Pegler is a key link between the venue and its current, Emirati owners at ADNEC Group. How does he manage that relationship?
“We have a very strong relationship with our owners. They are incredibly supportive of what we are trying to achieve and match that support with continued investment. I attend four board meetings a year (two are held in London and two in Abu Dhabi) and make up to two other trips to Abu Dhabi each year.
“It’s important to have the courage of your convictions and stick to the plan. The biggest example of this, since I’ve been at ExCeL, is continuing with the plan to build the ICC while being faced with one of the worst economic downturns in history.”
Local investors and politicians, Pegler believes, have been slow to realise the economic benefits of world-class events and the UK events industry’s full potential. “The British events industry has been an unrecognised gem,” he asserts.
The ICC London is certainly a jewel that is sparkling now and Pegler believes there is no convention centre in the world that does the volume of business that ICC London ExCeL does. “We are outperforming stand alone centres by a considerable margin,” he claims.
And he gives as testimony the case of Cisco, which five years ago thought 4,000 was their maximum audience for their big convention in Europe, when it was held in Barcelona. “We got it up to 7,000,” says Pegler, who sees the ICC as ‘an enabler’ for organisers. It certainly has ‘enabled’ London to move up the ICCA rankings steadily over recent years.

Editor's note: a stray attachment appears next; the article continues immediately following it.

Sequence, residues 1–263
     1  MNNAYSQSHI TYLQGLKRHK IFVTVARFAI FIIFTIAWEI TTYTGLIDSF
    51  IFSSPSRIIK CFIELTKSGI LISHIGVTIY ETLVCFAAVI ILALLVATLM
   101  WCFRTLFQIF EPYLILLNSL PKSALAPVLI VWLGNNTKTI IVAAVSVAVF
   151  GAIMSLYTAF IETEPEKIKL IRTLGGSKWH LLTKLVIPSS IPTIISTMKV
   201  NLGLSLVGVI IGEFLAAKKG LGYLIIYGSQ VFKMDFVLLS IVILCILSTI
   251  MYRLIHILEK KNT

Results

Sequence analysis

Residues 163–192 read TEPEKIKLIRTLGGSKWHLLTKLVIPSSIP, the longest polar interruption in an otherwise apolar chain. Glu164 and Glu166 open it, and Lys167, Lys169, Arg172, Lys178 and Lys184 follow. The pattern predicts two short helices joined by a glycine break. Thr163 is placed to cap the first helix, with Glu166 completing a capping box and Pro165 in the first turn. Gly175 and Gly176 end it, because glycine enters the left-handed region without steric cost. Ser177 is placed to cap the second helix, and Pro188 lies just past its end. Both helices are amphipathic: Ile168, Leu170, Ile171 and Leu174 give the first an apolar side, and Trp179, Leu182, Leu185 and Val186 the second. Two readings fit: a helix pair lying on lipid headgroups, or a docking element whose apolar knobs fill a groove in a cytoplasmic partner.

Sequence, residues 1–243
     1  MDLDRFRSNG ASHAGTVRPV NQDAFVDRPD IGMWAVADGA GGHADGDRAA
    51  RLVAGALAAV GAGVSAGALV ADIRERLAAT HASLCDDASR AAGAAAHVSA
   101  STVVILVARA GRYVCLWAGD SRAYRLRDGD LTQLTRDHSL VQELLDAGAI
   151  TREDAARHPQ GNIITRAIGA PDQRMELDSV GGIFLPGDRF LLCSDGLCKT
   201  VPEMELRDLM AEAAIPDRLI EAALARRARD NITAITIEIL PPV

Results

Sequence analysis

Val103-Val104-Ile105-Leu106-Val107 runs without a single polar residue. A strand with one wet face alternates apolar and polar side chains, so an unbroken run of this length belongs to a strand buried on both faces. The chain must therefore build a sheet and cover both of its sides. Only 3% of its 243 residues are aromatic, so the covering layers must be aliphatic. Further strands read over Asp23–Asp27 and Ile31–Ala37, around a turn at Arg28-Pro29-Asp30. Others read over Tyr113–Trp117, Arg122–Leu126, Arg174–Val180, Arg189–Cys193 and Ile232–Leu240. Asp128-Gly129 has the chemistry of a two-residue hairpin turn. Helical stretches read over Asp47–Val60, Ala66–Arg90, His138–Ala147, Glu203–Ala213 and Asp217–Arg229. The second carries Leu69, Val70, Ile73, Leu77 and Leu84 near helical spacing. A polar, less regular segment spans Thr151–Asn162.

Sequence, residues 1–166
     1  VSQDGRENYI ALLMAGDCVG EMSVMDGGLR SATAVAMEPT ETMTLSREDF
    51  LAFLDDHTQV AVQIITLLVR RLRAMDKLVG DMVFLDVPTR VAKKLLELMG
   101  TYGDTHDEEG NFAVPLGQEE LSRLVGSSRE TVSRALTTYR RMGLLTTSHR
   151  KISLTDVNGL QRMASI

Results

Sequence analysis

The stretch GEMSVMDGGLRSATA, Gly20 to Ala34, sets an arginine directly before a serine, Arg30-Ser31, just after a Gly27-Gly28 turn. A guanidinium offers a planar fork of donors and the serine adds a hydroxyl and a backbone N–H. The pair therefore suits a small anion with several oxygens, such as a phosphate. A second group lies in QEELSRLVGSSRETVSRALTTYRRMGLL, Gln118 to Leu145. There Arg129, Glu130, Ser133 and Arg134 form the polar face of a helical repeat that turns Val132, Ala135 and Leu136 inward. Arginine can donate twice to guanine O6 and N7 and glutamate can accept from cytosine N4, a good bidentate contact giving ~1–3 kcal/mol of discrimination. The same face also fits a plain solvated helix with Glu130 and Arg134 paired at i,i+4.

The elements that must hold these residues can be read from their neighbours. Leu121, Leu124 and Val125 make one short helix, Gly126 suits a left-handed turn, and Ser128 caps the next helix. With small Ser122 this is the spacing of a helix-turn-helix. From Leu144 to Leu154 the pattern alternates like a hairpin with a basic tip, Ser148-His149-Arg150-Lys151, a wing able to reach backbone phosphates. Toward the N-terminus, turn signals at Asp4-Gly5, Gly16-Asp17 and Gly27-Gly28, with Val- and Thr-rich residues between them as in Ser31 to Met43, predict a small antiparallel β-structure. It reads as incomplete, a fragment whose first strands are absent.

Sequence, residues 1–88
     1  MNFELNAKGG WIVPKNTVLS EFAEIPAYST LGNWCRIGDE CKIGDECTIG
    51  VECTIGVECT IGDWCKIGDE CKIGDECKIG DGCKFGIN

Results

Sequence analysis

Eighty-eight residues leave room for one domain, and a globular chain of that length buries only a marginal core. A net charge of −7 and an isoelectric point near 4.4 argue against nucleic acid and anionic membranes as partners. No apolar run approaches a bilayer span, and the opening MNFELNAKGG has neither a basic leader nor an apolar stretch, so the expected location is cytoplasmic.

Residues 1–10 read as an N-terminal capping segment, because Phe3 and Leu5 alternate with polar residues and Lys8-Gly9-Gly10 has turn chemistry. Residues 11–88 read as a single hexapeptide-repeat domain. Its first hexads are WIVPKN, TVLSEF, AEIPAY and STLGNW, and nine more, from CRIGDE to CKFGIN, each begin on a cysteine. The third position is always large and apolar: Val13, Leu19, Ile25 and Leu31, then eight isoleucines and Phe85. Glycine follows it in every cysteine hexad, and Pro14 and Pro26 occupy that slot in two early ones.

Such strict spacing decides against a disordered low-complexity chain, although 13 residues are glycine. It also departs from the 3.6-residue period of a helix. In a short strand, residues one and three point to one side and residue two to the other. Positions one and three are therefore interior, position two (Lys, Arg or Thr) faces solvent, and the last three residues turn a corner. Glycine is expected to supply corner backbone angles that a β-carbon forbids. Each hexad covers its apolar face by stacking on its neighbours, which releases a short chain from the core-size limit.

But, why did it take so long for London to get such a facility?
“Firstly, London didn’t recognise it needed an ICC and no importance was placed on having this type of facility in the capital. Secondly, no-one would invest in it. Our partnership with ADNEC changed that – they believed in our vision to open London’s ICC and back it with substantial investment.”
The Emirati investment tap has not shut off. Recent investments include:
• £15m investment in the delegate catering experience
• A suite of six executive boardrooms providing a high-end executive facility
• Upgraded free Ruckus Wi-Fi – allowing 16,000 concurrent users at any one time
• Another four-star hotel, The Sunborn Yacht, with 136 rooms
Pegler’s task now, he says, is to prove ExCeL London can deliver the big congresses. “Next month,” he says, “we will welcome the biggest congress that London has ever hosted when the European Society of Cardiology (ESC) host their annual event.”
It is a congress that will bring 35,000 healthcare professionals, from 140 countries, over five days, and is forecast to generate up to £200m of economic impact.
Pegler plays his cards close to his chest on the matter of future acquisitions, but ExCeL has signed a 10-year contract with Compass Group UK and Ireland to continue their catering partnership and big plans for facilities refurbishment are in progress.
The business has moved over the years from being an 80-20% split for exhibitions over conferencing, to a 65-35% split in terms of value, with both sides of the business growing, the CEO notes.
Aligning with customers
Pegler observes the market is far more sophisticated than being simply a battlefield for competition solely on price.
He says the challenge is now about aligning the services with the needs of the customer, and their customers, as well as identifying the shape and format that events will take in future.
The venue-organiser relationship, he believes, has changed massively over the years.
“Today it’s all about using our expertise to help our clients achieve great results.”
He is a believer that the events format has to evolve to appeal to Generations X and Y. And he brings the argument of ExCeL being a ‘solution’ full circle: “That is how ExCeL came about, when organisers came together to call for a solution to the lack of venue capacity”.
And, as an organiser turned venue-keeper, he should know about delivering what the events market scrum for business demands.